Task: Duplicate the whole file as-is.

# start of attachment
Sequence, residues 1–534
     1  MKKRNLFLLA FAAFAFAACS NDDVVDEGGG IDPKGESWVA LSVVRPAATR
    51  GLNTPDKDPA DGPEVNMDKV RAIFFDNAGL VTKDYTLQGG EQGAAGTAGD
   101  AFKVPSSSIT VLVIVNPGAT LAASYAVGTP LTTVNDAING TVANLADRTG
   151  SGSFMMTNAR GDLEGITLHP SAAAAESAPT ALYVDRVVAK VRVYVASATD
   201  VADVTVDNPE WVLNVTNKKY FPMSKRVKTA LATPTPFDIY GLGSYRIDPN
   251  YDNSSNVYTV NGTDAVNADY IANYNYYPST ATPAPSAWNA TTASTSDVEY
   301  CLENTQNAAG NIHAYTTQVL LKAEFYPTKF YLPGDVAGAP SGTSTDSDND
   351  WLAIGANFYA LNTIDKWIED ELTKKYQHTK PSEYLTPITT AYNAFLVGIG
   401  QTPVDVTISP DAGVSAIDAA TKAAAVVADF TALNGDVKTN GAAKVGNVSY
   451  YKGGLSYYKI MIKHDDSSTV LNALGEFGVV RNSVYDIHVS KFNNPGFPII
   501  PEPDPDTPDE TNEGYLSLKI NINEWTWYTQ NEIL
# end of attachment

Sequence, residues 1–534
     1  MKKRNLFLLA FAAFAFAACS NDDVVDEGGG IDPKGESWVA LSVVRPAATR
    51  GLNTPDKDPA DGPEVNMDKV RAIFFDNAGL VTKDYTLQGG EQGAAGTAGD
   101  AFKVPSSSIT VLVIVNPGAT LAASYAVGTP LTTVNDAING TVANLADRTG
   151  SGSFMMTNAR GDLEGITLHP SAAAAESAPT ALYVDRVVAK VRVYVASATD
   201  VADVTVDNPE WVLNVTNKKY FPMSKRVKTA LATPTPFDIY GLGSYRIDPN
   251  YDNSSNVYTV NGTDAVNADY IANYNYYPST ATPAPSAWNA TTASTSDVEY
   301  CLENTQNAAG NIHAYTTQVL LKAEFYPTKF YLPGDVAGAP SGTSTDSDND
   351  WLAIGANFYA LNTIDKWIED ELTKKYQHTK PSEYLTPITT AYNAFLVGIG
   401  QTPVDVTISP DAGVSAIDAA TKAAAVVADF TALNGDVKTN GAAKVGNVSY
   451  YKGGLSYYKI MIKHDDSSTV LNALGEFGVV RNSVYDIHVS KFNNPGFPII
   501  PEPDPDTPDE TNEGYLSLKI NINEWTWYTQ NEIL